Most British and Commonwealth troops disliked the Boys Rifle design due mainly to the massive recoil inherent in firing such a large cartridge. Additionally, the muzzle blast was exceedingly heavy and the noise of the firing action easily gave the position of the firer away. The violent recoil forces led to many bruised necks and shoulders as the rifle was firmly seated against the shoulder when fired. The weapon was also constructed with numerous small screws fit into a relatively soft steel that made maintenance difficult in the field. Nevertheless, the weapon continued use throughout British and Commonwealth ranks with a few examples falling into the hands of German and Japanese troops only too eager to use the weapon against their previous owners. The use of the specialized cartridge, of course, limited enemy operations with captured Boys Rifles.
Australia; Canada; China; Finland; France; Greece; Imperial Japan (captured); Ireland; Italy (captured); Luxembourg; Nazi Germany (captured); New Zealand; Philippines; Soviet Union; Taiwan; United Kingdom; United States
(OPERATORS list includes past, present, and future operators when applicable)
Capable of suppressing enemy elements at range through direct or in-direct fire.
✓Anti-Armor / Anti-Tank / Anti-Material
Designed to engage and defeat armor / enemy tanks at range.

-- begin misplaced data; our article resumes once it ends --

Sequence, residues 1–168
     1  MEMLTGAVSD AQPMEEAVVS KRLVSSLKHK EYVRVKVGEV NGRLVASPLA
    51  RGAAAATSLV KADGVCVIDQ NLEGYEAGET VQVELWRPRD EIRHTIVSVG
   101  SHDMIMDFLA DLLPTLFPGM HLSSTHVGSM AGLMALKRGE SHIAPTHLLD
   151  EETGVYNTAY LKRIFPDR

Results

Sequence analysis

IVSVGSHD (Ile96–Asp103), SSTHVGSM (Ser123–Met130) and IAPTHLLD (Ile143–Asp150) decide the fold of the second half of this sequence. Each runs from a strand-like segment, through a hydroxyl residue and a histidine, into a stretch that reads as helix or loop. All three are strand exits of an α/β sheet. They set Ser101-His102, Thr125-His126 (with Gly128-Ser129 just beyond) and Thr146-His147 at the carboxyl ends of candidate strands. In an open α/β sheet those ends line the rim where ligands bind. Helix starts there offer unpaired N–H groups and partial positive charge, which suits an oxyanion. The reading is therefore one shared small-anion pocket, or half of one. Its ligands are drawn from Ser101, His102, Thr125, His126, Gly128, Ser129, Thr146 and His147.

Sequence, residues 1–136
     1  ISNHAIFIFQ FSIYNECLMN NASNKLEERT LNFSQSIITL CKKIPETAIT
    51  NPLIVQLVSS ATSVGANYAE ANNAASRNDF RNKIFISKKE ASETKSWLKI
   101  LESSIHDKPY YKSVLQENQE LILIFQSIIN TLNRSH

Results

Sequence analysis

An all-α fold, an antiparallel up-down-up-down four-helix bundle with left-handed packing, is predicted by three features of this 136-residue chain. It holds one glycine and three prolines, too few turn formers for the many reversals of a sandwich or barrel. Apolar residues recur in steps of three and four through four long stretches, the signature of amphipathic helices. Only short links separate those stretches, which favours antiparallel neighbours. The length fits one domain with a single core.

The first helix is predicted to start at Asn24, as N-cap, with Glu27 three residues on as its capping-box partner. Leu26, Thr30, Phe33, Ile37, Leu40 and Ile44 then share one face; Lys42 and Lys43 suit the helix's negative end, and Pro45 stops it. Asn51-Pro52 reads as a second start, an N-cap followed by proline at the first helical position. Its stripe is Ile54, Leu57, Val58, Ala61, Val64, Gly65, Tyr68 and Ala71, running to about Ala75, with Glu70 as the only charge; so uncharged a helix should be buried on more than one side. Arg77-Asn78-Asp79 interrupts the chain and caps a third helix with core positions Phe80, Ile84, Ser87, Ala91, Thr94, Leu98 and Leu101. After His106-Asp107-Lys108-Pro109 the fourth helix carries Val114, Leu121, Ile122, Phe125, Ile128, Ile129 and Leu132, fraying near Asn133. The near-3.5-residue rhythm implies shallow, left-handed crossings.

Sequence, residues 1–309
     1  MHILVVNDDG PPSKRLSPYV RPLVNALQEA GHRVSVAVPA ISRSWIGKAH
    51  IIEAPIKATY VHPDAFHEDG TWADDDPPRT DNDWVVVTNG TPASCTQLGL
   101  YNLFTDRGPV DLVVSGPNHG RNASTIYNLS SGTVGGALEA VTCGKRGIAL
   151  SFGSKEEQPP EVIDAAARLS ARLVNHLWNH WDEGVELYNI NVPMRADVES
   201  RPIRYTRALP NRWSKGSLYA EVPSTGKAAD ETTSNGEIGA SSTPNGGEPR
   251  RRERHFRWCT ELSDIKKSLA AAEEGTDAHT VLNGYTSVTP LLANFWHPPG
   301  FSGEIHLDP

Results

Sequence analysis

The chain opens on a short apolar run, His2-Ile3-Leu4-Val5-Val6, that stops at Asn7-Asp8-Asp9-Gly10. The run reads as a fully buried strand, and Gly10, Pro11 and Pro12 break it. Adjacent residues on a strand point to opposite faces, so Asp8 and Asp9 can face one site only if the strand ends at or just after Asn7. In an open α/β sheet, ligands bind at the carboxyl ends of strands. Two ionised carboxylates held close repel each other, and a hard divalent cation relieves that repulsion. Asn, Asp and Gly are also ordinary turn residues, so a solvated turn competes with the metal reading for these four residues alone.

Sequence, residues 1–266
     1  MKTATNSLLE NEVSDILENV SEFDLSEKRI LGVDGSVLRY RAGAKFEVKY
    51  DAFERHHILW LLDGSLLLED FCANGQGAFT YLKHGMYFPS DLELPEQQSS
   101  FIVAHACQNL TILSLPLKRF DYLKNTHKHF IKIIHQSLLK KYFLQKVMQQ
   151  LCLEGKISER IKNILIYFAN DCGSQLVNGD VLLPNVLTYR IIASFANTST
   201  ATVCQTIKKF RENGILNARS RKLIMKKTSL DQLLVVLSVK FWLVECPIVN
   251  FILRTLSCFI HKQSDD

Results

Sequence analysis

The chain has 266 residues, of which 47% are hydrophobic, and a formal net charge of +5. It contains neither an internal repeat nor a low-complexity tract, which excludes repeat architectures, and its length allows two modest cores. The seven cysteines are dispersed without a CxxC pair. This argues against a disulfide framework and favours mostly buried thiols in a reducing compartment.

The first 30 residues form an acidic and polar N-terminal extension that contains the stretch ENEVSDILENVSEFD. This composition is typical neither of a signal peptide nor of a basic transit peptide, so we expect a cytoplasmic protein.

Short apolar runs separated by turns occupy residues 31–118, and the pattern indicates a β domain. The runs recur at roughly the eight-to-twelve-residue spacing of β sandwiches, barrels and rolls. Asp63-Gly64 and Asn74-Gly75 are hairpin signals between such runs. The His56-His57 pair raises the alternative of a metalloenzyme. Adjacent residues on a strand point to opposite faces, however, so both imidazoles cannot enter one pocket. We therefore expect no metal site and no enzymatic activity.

1,575 mm 62.01 in
910 mm 35.83 in
35.27 lb 16.00 kg
Iron Front and Rear
Manually-Operated Bolt-Action System
Manually-actuated process of managing the bolt lever to eject spent cartridge case, clearing the breech, to introduce fresh catridge into the chamber.
(Material presented above is for historical and entertainment value and should not be construed as usable for hardware restoration, maintenance, or general operation - always consult official manufacturer sources for such information)
13.9mm (0.55 in)
Rounds / Feed
5-round detachable box magazine
*May not represent an exhuastive list; calibers are model-specific dependent, always consult official manufacturer sources. **Graphics not to actual size; not all cartridges may be represented visually; graphics intended for general reference only.
1,500 ft (457 m | 500 yd)
2,900 ft/sec (884 m/sec)
Mk.I - Circular muzzle break; T-shaped bipod; service load 60g AP projectile at 747m/s.
Mk.II - Square muzzle break; V-shaped bipod; service load 47.6g AP projectile at 884 m/s.
Airborne Service Variant - 30" (762mm) barrel with no muzzle break.
14mm Pst Kiv/37 - Finnish Army designation
Ribbon graphics not necessarily indicative of actual historical campaign ribbons. Ribbons are clickable to their respective campaigns / operations.